Self Checkout

This man, waiting in line, arms full of groceries, short smile, eyes not quite darting, but active, hopeful, looking for any kind of social interaction. Something to remind him he was human. Something to cut through the fog. The loneliness. Some little thing that will let him break free, if only for a small moment.

The woman behind him, bumps his heels with her cart and he turns his head, his acceptance and her apology ready on his lips.

But she says nothing, eyes focused on the items in her cart, rooting through, looking for something buried near the bottom.

Daybreak, Your Heart

He reached over to stop the alarm. Pushing against the heft of the blankets, he turned, lifting, until he sat on the side of the bed. He gave the empty space to his left two taps and stood, walking stiffly to the washroom.

The kettle was on and the coffee ground.

He opened the front door and stepped out on the porch. Frost wasn’t far off now, he thought. The night slipped down behind the apartments across the street, pushed by the rising sun.

Realizing there wasn’t reason for him to wait outside, not anymore anyway, he went back in.

Not Quite a Tablespoon

Tensions increased in the domestic cold war between Mr. and Mrs. Elk.

Strained civility, already taut, stretched further as the diminutive missus found, for the she-didn’t-know-how-many-th time, even though they’d gone over and over this, the medium sized spoon set away with the teaspoons.

“What did we decide?” she asked in such a way to make sure there was not but one answer.

“About what?”

“The spoon,” she said.

“Which spoon is that?”

She threw. He ducked. The spoon flew into the buffet, clattered against, and cracked her grandmother’s china serving platter down the middle.

Toss the Marker

PHOTO PROMPT – © J Hardy Carroll
PHOTO PROMPT – © J Hardy Carroll

They walked up from the river until they saw a couple of girls playing in a graveyard.

Owl and Raccoon watched one toss a coin, and heard it clink against a tombstone. She then took off skipping.

The other started singing, the rhythm matching her partner’s hops. Both noises grew, echoing off the walls, to a cacophony.

“Come play,” they said, the world snapping into silence.

“Looks fun,” Owl said. “But we don’t have the time.”

“We know why you’re here,” the girls said in unison, their dull black eyes glaring. “You want to see us. But we’re playing now.”


Prompt courtesy of the Friday Fictioneers. Read more stories here.

Just Another Walk In – 2

A buzzer sounded, and the secretary stopped ignoring Dzinski long enough to press the button.

“Where’s that file,” a voice said, cutting through the static.

“On your desk,” she said. “Where you told me to leave it.”

“What? Oh, all right, I see it. Thank you.”

Dzinski figured they must be married. He coughed, just to bother her.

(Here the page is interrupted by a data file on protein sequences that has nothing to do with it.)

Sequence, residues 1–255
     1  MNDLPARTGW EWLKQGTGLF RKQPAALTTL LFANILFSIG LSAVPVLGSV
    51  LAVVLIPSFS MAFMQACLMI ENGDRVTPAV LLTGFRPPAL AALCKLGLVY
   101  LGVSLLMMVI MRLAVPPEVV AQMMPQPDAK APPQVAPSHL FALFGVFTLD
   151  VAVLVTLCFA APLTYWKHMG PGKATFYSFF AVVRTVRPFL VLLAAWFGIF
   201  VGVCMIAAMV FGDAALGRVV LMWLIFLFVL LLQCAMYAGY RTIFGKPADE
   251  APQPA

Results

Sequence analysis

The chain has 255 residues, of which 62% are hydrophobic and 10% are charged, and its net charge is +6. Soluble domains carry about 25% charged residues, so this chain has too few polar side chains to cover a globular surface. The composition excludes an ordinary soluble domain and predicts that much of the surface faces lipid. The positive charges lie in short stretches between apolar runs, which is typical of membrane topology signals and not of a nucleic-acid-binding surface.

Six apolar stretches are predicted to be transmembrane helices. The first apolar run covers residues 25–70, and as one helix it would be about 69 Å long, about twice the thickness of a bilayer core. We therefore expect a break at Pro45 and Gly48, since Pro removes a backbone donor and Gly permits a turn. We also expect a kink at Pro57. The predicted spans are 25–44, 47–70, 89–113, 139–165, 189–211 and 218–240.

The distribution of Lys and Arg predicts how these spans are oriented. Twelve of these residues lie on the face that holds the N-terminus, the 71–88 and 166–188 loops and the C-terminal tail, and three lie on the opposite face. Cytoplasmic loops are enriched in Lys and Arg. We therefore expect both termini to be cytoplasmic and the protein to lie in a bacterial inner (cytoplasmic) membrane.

“There’s someone here to see you,” she said.

“Who is it?”

“Says he’s a private investigator.”

“What does he want?”

“Ask him yourself,” she said, disconnecting their conversation.

The door to the office opened, and a man stepped out, straightening his tie.


Just Another Walk In

The woman behind the desk had the same colour as week-old Wonder Bread.

“If you don’t have an appointment,” she said, “I don’t see how you’ll get in to see him.

Dzinski thought her attitude reminded him of stale bread as well.

“I’ll wait,” he said, walking across the office and sitting on the stiff sofa. He picked up a housekeeping magazine and flipped through the pages. “Besides, I’m feeling lucky. I’ll bet it won’t be too long.”

Her eyes narrowed, concentrated, down the thin ridge of her nose.

“What was the name again?”

“Dzinski,” he said, “Private Investigator”.

Mid-Night Ramblings

Dzinski awoke, and after a tense moment of confusion, realized he’d fallen asleep in his armchair. His half-empty glass almost slipping from his fingers, and the screen in front of him showing nothing but static.

He heaved himself up and stood in the darkened living room, then crossed and turned off the television.

Muted yelling came from somewhere. He guessed his neighbour had just gotten in and his wife was giving him a piece of her mind. Laying his ear against the bathroom wall he heard that he was right.

“Keep it down,” he hollered, before shuffling off to bed.


PHOTO PROMPT – © Dale Rogerson

Owl tossed seven pebbles into the swamp. The frogs stopped croaking and the shore birds took flight.

The crocodile surfaced.


“We need passage to the other side.”

“No,” the crocodile said.

Raccoon drew a plump, plucked chicken from his satchel. “We can pay.”

The crocodile blinked.

Raccoon lobbed the carcass.  the crocodile’s jaws snapped shut, and then retreated under the water. They were just about to leave, when the crocodile resurfaced.

“Very well,” it said. “I will ferry you. Be warned, the journey is treacherous and Death himself awaits on the other bank.”

“That’s who we need to see.”


Prompt courtesy of the Friday Fictioneers. Read more stories here.

Taco Tuesday

They wanted tacos and had heard about a new place a couple of blocks away, so they pulled themselves from the couch, dressed and walked over.

“It’s cold,” one of them said. The other watched their breath escape from their mouth as agreement. There was a line-up. People crammed the small restaurant, more than a few idling outside, leaning against the wall or bench or lamppost.

The people inside came outside, frowning. “Stove busted. Have to close,” someone said. The man behind the counter shrugged.

“Now what?”

The other one languidly watched the traffic light change from green to yellow.